OCT 04, 2021
Brown to face aldermen, defend $1.9B police budget after deadly summer
Chicago Police Department Supt. David Brown is set to face questions during a marathon budget hearing on Monday.
The City Council is poised on Monday to kick off its final week of budget hearings by picking apart the $1.9 billion proposed budget for the Chicago Police Department, typically one of the longest and most contentious of departmental hearings aldermen attend to each fall.
Aldermen will also grill Ghian Foreman, president of the Chicago Police Board, about his plans for the agency responsible for disciplining or firing officers found guilty of police misconduct.
Monday will be Chicago Police Department Supt. David Brown’s first time facing aldermen since July 1, when he withstood six hours of questioning during a special City Council meeting called to discuss the department’s strategy for heading off summer violence. Brown spent much of the hearing blaming the city’s violence on leniency in the Cook County court system, deflecting a crush of challenges from progressive aldermen and county officials who denied the correlation.
Shootings and murders have not subsided in the months since. The city logged more than 2,700 shootings through Sept. 30 this year, outpacing last year’s already elevated violence, and September saw more homicides than the city has suffered since 1992.
It is against that backdrop that the police department will embark on an aggressive recruitment push in the next year to make up for an unprecedented wave of retirements, according to city officials.
Under Mayor Lori Lightfoot’s budget proposal, the department will see its spending expand from about $1.71 billion to $1.9 billion next year — but the boost does not represent an attempt to reverse last year’s purge of 600 vacant employee slots from the department’s budget. Instead, it would maintain the department’s current number of full-time equivalent positions around 14,100, while pumping in millions in salary boosts guaranteed under the collective bargaining agreement approved for rank-and-file officers last month.
Instead of adding new positions, the department will work to plug the 1,000-plus additional vacancies that have opened up since last year, as a surge of officers and supervisors have retired or called it quits.
Budget Director Susie Park told aldermen in August that the city plans to speed up new academy classes to catch up on recruitment after new academy classes were frozen at the height of the COVID-19 pandemic last year. Department of Human Resources Comm. Christopher Owen said last week that the department will host a new police entrance exam each of the next three months. And Lightfoot told The Daily Line last month that her budget plan equips the police department with a “full-time recruitment team” to scour the country for new officers.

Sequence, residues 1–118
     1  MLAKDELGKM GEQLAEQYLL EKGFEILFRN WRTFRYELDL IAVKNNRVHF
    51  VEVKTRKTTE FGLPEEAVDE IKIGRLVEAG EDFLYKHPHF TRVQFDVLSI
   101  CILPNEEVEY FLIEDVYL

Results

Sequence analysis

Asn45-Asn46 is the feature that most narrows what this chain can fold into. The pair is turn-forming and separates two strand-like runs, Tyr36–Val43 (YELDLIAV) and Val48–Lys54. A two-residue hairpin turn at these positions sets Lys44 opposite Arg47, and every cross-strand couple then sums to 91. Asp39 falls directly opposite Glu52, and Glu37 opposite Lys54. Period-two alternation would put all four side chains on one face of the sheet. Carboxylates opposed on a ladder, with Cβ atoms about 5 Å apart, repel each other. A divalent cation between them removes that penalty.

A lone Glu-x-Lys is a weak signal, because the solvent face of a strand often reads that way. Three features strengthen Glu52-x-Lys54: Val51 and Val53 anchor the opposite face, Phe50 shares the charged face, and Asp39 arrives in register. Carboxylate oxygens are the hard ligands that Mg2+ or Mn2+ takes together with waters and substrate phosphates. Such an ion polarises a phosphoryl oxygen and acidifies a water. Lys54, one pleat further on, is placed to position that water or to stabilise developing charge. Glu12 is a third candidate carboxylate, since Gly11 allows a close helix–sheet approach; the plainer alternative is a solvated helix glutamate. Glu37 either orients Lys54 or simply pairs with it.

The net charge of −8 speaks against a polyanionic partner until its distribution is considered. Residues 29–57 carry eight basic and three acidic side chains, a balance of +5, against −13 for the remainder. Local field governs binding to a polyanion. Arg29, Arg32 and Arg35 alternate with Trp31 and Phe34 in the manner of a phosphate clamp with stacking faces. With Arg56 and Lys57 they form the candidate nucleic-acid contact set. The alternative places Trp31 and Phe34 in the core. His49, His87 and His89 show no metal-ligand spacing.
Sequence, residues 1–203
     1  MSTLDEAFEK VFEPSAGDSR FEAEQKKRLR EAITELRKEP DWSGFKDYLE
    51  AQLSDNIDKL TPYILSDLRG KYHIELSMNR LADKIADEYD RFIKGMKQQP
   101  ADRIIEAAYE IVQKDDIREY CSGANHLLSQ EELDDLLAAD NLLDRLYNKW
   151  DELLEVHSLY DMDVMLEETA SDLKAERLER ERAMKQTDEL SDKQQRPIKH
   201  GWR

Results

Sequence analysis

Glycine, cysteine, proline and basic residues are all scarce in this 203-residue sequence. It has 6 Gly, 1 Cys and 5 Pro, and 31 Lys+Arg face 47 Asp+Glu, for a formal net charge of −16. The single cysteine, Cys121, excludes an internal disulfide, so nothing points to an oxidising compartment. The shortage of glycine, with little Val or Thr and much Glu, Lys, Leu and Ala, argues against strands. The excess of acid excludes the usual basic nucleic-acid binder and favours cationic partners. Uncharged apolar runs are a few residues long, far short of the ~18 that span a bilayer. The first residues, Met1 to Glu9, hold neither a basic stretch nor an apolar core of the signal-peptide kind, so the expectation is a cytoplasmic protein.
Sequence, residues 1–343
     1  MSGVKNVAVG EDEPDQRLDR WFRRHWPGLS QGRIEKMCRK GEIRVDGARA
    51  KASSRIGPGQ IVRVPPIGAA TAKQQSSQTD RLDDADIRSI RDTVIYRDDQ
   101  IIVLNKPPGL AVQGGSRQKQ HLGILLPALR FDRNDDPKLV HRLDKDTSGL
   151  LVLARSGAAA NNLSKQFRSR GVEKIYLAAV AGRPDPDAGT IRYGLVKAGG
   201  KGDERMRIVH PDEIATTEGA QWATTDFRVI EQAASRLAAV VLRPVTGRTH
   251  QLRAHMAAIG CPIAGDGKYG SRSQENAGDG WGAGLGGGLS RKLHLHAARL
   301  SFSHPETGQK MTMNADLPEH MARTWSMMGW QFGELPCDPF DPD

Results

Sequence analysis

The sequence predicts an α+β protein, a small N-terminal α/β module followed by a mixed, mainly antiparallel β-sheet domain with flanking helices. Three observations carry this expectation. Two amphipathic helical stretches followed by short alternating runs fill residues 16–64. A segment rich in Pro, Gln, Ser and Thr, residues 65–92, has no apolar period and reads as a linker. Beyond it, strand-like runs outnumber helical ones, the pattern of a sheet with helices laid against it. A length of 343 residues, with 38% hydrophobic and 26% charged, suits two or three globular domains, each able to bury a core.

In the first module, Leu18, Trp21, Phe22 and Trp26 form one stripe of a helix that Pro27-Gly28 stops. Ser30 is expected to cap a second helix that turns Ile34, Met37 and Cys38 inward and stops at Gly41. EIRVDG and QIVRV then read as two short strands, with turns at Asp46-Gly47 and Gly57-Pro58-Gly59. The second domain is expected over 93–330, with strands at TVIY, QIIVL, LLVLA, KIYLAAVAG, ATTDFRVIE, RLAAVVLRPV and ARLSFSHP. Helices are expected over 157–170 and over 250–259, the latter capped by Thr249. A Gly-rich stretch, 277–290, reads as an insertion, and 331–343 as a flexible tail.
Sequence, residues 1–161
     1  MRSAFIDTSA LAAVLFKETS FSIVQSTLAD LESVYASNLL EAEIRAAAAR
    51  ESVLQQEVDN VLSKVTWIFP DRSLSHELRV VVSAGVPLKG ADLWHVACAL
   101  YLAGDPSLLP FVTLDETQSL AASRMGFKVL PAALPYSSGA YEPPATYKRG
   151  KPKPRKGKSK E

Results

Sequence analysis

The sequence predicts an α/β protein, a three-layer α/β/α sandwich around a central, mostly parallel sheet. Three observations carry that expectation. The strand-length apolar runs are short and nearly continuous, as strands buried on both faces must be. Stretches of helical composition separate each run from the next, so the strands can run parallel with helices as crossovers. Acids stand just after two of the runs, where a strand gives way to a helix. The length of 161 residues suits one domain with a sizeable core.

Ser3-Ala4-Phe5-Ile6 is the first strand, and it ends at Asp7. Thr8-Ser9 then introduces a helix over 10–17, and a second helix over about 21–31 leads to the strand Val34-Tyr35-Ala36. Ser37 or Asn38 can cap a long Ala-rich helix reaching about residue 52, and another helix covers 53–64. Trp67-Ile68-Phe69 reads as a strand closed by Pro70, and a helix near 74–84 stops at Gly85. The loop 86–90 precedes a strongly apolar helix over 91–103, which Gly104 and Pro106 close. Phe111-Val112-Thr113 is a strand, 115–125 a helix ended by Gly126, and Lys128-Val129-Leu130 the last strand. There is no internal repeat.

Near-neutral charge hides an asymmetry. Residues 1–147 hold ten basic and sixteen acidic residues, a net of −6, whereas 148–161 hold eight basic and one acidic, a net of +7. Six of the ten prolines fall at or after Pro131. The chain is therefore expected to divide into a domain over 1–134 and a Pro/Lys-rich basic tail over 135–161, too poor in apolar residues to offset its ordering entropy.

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A report from Deputy Inspector General for Public Safety Deborah Witzburg earlier this year found that the entrance exam and other aspects of the department’s recruitment process have weeded out Black applicants, setting back city leaders’ goal of diversifying the department.
The department charted out a goal in its 2022 budget plan to “attract and hire qualified candidates for the position of police officer that reflect an ethnically, racially, and gender diverse cross-section of the Chicago communities that CPD serves,” according to budget documents.
Brown is also likely to face questions from aldermen over the department’s slow progress on the litany of systemic reforms required under an ongoing federal consent decree. The department acknowledged in court last month that it missed the deadline to implement more than half of the reforms a judge had mapped out for the first half of this year.
And police leaders will have to answer on Monday to a coalition of progressive aldermen who have called to defund the department in favor of boosts to economic development and social services. Ald. Jeanette Taylor (20) told The Daily Line in August that she will not vote to approve Lightfoot’s 2022 spending plan if it includes “one dollar” in additional funding for policing.
The Chicago Police Board is set to see a modest uptick in its budget, reflecting pay hikes for two full-time staffers. The board is responsible for adjudicating discipline in police misconduct cases reviewed by the Civilian Office of Police Accountability.
The board has set a goal for next year to “establish a good working relationship” with the new Community Commission for Public Safety and Accountability established by the City Council under a long-fought ordinance (SO2019-4132) in July.
Lightfoot last month introduced an ordinance (O2021-4131) to formally let the Chicago Police Board hear appeals from people who want to be removed from the police department’s controversial gang database. A report from the Inspector General’s office found in March that the police board has no formal process for considering such appeals.
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